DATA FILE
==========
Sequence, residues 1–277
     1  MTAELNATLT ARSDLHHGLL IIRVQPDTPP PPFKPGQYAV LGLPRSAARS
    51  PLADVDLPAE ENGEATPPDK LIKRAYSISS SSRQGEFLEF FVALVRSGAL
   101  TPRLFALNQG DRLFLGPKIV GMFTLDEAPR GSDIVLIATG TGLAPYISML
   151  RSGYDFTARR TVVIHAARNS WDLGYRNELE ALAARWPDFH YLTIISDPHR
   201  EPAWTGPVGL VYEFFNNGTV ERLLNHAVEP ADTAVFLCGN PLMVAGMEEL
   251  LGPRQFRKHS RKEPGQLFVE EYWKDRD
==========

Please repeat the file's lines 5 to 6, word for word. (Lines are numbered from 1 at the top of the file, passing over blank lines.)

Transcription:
   151  RSGYDFTARR TVVIHAARNS WDLGYRNELE ALAARWPDFH YLTIISDPHR
   201  EPAWTGPVGL VYEFFNNGTV ERLLNHAVEP ADTAVFLCGN PLMVAGMEEL